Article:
Medicaid in Virginia

A number of constituents have expressed an interest in the current state of Medicaid. Here is a brief synopsis of the current state of Medicaid in Virginia.

In 2001, 666,855 citizens were enrolled in the Medicaid program.  In 2011, that number increased to 1,060,840—a 59% increase since 2001.  Over the past ten years, Virginia expenditures on Medicaid have gone up 300%!

What’s the bottom line?  When it comes to Medicaid, there is just not enough money to pay for everything.  With a 59% increase in the number of people on Medicaid, and a 300% increase in costs over the last decade, it is obvious that our present course is mathematically unsustainable.  I have had many well-meaning letters requesting increased spending on Medicaid.  I am very sympathetic, and I am doing my best to limit cuts to Medicaid.

That explanation reflects the current state of Medicaid.  But we are in for big changes with the federal “Affordable Healthcare Act” (aka “Obamacare”), becoming effective in 2014.  The Act specifies that if Virginia elects to include people into Medicaid who make-up to 133% of federal poverty level, we will have to add over 450,000 people to the Medicaid rolls.  The costs associated with this increase would be astronomical. The federal government says it will pay 100% of the costs for two years, and 90% every year thereafter.  But there is one question I have: Where is this money going to come from?

The federal government is broke!  They borrow 40% of every dollar they spend. This is starting to sound like another “bait and switch” where the feds ask us to set up a program under the promise of paying for it, and when it gets tough to find the money, simply eliminate the funding.

Here is an analogy: A man comes to you and says, “Would you buy that house for me?  I promise I will pay you?”  If that man made $24,000/year, spent $33,600/year, and had a $85,333 credit card debt, would you buy the house? The answer is “No.”  These are the same ratios of spending and debt currently used by the federal government.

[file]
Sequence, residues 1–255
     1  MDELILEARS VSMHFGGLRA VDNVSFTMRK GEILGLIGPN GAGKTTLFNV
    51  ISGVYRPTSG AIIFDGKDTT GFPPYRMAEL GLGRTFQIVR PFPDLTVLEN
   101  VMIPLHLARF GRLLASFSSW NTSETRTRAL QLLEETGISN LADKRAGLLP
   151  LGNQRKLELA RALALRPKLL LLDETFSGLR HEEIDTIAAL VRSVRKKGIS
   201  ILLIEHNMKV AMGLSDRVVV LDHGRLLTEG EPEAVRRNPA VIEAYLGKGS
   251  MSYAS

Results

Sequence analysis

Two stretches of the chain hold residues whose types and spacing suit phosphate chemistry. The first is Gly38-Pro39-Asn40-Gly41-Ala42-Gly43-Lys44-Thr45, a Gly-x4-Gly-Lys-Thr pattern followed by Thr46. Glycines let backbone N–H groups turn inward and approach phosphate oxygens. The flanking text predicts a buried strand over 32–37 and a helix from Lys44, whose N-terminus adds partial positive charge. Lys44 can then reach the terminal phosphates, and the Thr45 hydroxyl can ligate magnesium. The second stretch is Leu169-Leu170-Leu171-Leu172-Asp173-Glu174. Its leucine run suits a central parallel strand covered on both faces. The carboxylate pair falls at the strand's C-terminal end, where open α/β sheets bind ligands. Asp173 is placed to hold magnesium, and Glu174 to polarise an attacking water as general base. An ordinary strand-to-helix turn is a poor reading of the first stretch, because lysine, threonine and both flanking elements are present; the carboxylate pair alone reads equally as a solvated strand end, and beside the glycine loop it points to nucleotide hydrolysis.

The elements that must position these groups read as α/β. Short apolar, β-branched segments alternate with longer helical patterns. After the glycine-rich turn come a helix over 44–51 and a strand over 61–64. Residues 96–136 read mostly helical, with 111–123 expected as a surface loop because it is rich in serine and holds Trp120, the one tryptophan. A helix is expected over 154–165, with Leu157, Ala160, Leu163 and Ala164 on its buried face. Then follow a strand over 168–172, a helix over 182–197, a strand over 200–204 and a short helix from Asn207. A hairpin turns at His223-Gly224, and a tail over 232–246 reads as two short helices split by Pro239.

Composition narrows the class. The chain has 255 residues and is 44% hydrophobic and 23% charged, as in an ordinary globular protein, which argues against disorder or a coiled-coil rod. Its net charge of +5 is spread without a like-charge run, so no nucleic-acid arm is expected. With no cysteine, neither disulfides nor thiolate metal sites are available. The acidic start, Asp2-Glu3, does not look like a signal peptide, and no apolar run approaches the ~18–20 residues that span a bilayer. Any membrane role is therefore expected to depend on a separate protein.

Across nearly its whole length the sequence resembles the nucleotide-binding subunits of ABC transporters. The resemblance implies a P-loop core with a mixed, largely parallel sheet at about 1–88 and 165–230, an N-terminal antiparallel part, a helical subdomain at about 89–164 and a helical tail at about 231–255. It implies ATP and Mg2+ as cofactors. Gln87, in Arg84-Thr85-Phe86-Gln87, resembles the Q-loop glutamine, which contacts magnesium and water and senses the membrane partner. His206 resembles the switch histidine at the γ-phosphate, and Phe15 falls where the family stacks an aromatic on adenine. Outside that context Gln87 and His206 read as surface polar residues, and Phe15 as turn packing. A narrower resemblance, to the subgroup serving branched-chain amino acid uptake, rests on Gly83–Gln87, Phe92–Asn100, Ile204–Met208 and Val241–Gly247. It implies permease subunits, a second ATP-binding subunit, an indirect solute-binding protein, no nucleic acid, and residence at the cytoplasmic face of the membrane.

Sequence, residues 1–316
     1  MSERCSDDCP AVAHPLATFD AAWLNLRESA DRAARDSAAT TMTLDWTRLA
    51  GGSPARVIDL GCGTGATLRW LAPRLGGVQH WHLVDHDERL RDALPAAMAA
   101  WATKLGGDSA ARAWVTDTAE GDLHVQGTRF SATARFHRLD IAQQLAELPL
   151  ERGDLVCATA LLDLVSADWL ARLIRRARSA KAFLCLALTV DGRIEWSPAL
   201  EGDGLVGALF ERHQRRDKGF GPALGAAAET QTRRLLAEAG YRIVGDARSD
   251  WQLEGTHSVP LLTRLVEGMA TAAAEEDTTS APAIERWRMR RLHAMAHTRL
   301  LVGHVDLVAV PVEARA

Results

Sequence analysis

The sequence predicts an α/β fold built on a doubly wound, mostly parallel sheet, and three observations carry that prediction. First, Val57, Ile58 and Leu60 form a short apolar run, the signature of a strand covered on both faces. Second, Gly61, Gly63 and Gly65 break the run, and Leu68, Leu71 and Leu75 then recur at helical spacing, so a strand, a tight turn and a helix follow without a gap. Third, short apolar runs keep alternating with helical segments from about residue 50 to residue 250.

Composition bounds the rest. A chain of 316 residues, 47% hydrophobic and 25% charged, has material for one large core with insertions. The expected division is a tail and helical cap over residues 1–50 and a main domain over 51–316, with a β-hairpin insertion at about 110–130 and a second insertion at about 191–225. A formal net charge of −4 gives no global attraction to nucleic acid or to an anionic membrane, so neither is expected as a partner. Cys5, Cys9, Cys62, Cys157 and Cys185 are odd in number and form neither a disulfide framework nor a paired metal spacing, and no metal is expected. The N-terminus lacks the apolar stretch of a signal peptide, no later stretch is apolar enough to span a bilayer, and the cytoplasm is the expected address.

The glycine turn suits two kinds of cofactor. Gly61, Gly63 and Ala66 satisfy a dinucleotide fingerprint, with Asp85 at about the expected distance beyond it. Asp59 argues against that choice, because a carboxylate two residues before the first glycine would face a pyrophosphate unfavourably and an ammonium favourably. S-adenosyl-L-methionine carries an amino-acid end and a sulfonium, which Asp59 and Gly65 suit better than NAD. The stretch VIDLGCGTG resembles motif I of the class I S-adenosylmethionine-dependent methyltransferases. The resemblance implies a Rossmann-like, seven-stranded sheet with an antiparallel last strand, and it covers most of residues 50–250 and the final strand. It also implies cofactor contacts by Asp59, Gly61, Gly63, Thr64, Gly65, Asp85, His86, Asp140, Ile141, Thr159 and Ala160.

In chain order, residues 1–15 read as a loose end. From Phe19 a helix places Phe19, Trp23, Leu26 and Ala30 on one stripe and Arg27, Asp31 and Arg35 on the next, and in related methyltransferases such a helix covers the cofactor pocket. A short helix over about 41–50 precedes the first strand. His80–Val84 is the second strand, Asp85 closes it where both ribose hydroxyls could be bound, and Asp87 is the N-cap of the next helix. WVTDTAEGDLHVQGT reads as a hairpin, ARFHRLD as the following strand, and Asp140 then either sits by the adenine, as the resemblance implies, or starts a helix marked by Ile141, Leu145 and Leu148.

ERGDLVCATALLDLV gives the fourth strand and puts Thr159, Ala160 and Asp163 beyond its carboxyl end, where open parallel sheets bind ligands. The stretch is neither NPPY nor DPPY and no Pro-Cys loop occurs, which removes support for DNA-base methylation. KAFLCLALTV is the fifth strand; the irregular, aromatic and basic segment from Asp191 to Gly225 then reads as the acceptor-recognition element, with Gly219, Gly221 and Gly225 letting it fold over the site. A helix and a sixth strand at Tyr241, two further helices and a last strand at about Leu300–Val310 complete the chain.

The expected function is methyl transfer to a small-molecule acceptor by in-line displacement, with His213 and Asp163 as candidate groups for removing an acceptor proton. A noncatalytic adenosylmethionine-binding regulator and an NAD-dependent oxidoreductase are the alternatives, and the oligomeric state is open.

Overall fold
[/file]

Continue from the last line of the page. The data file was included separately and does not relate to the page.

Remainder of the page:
Even IF, the federal government lives up to its promise to pay 90% of our bill after 2019, our share will still cost Virginia over $700 million between 2019 and 2022.  As your Delegate, where am I going to find $233 million a year? When you consider that 50% of the budget is schools, 25% is Medicaid, and 10% is public safety, there is no way to find $233 million without cutting one or all of these, or raising the taxes.

If my concerns are alleviated and we can enact significant reforms, I will vote to expand Medicaid. We are investigating accepting the additional people and the federal funds, if and only if, the following requirements are met: (1) If the federal government ceases making these payments, we are allowed to walk away; (2) The federal government will allow us to reduce Medicaid costs by $233 million per year, so that when the 90% payments hit, we will not be paying more than today; and (3) The federal government will allow Virginia to initiate significant reforms.  (E.g. The Joint Legislative Audit and Review Commission found that there is up to $90 million per year in fraud, waste, and abuse.  But in order to fight it, we need permission from the federal Medicaid program to enhance enforcement methods. Remember that Medicaid is a joint federal and state program.  In order to initiate reforms, states need federal permission).

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One response to “Medicaid in Virginia

  1. Medical care should be available to all within Virginia, not just the wealthy. If other mechanisms to fund the Medicare expansion laid out in the Affordable Care Act are not found, then we should raise the income tax on those like me who can afford it. Benefits are not free.

    We have to be willing to pay for the quality of life we have in the Commonwealth. I am tired of this No Tax increase business. It is not good government to take an option for paying for benefits off of the table. The same applies to road maintenance. If we want good roads, we have to pay for them.

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